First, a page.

Lack of VA clinic for Lake Charles gets national attention

By By Lance Traweek / American Press

Lake Charles received national exposure Wednesday when CBS News aired a story about why the federal government has been hesitant

to fund construction of VA clinics at 27 sites across the United States.

In June, news representatives were in

Lake Charles to interview Deron Santiny, an Iraq War veteran who takes

offense at the

temporary local clinic, which he dubbed a “camper.” In the piece

that aired, Satiny was being interviewed in front of the

Fifth Avenue mobile VA clinic — the only relief for Lake Charles

veterans who do not want to drive 90 minutes to Alexandria

to receive medical care.

“Veterans deserve more,” Santiny told the CBS reporter.

U.S. Rep. Charles Boustany, R-Lafayette, was instrumental in bringing attention to the matter to CBS News. Boustany has 13,000

veterans in his district.

“While south Louisiana’s veterans

suffer through this terrible ordeal, their plight provides the perfect

example for the national

media to highlight the ineptitude of government bureaucrats,” Neal

Patel, Boustany’s communications director, told the American Press on Thursday.

“As the report shows, the U.S. Department of Veterans Affairs made empty promises about VA clinics to veterans across the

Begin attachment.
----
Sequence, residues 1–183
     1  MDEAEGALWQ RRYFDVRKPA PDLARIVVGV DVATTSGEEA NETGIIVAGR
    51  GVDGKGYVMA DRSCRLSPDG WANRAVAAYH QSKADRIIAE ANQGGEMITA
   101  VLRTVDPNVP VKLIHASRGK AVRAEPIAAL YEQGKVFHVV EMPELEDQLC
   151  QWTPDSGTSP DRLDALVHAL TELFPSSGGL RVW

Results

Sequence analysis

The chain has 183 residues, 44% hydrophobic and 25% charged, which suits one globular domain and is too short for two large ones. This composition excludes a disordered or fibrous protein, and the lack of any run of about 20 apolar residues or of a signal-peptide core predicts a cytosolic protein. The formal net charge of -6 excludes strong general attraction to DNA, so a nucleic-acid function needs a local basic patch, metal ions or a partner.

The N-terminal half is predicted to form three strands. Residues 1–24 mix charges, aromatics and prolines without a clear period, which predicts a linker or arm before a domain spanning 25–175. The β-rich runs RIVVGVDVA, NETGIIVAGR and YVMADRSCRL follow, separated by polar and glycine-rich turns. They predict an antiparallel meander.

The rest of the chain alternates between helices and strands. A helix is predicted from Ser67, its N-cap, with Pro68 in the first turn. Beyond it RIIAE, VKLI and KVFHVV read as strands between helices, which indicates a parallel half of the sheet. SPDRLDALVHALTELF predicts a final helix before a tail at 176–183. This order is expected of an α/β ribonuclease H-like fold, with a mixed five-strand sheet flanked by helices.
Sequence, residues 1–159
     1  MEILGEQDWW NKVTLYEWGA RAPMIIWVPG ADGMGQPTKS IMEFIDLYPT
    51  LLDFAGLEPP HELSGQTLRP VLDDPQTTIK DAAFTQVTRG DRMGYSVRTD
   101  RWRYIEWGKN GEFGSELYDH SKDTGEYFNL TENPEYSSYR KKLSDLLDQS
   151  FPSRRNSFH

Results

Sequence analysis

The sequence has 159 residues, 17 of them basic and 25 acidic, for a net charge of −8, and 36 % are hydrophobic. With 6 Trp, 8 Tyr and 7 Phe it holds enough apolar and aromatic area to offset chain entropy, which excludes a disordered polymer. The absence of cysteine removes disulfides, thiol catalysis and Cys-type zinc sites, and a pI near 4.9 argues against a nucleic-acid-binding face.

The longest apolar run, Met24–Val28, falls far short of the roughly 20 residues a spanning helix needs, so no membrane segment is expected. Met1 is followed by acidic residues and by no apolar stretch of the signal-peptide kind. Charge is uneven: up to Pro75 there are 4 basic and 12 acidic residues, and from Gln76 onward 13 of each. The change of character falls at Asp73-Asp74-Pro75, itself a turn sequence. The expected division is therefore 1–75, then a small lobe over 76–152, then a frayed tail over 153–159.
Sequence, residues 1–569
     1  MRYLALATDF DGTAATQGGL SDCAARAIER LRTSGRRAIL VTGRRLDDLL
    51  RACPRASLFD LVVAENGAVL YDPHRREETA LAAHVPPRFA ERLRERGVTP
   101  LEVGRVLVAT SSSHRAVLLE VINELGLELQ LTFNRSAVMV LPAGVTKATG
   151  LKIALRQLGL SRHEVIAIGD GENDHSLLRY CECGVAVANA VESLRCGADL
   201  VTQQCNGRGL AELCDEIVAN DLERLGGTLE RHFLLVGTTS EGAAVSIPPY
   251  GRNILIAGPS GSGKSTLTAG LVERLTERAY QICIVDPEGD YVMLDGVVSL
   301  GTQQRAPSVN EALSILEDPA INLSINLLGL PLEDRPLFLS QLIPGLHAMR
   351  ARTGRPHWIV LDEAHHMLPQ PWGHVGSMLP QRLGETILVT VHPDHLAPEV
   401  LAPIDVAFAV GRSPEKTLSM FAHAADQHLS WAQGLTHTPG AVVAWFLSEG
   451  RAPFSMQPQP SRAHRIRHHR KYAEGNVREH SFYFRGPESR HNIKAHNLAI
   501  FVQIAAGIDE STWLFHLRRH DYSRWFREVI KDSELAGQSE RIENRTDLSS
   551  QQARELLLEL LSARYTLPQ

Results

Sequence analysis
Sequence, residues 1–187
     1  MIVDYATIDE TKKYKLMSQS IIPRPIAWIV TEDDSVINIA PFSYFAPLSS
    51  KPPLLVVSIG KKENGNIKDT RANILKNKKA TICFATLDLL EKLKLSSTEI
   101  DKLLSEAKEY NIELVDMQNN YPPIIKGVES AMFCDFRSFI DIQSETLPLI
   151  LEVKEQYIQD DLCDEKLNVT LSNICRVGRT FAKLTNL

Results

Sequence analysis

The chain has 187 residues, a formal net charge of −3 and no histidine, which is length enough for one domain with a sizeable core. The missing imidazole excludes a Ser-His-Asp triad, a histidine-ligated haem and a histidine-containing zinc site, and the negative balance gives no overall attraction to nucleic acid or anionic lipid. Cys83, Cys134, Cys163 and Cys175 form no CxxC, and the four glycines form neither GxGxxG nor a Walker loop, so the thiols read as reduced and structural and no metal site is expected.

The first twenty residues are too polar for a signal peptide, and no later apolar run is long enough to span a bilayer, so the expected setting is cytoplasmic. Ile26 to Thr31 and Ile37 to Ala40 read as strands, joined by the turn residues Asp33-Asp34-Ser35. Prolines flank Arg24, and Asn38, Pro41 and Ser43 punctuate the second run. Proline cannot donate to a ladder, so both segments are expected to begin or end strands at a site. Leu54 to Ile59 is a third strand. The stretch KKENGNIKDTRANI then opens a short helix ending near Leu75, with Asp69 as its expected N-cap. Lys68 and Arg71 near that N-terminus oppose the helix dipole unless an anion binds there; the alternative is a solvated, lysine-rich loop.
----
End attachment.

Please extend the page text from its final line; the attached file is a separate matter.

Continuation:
country.”

The latest delay for the Lake Charles clinic came after the Congressional Budget Office announced the VA would have to pay

20 years of leases up front for the clinics. The local lease would cost $1 million per year.

Promoting the issue on a larger scale

and asking CBS News to conduct the story puts more pressure on the VA,

the Obama administration

and congressional leaders to address the issue sooner rather than

later, Patel said. “As momentum builds, the grassroots coalition,

and its accompanying voices, continues to grow,” he said.

James Jackson, vice commander of the state American Legion, has been an advocate for a permanent VA in Southwest Louisiana.

“I’m very concerned that even with the national exposure we can’t get enough support in Congress to make something happen,”

Jackson said.

Congressional action can override the CBO, but there is a lack of political will in Congress, he added.

“The veterans are the ones paying the price for this, and it’s just not right,” Jackson said. “No one really seems to care

about the veterans anymore.”

Senate Majority Leader Harry Reid wants to reverse the CBO’s decision and begin building the clinics, while House Speaker

John Boehner wants to come up with another way to finance the clinics.

Congress was made aware of the problem more than nine months ago, but construction on the clinics remains stalled.

Online: www.cbsnews.com/8301-18563_162-57596444/accounting-disagreement-delays-construction-of-veterans-clinics.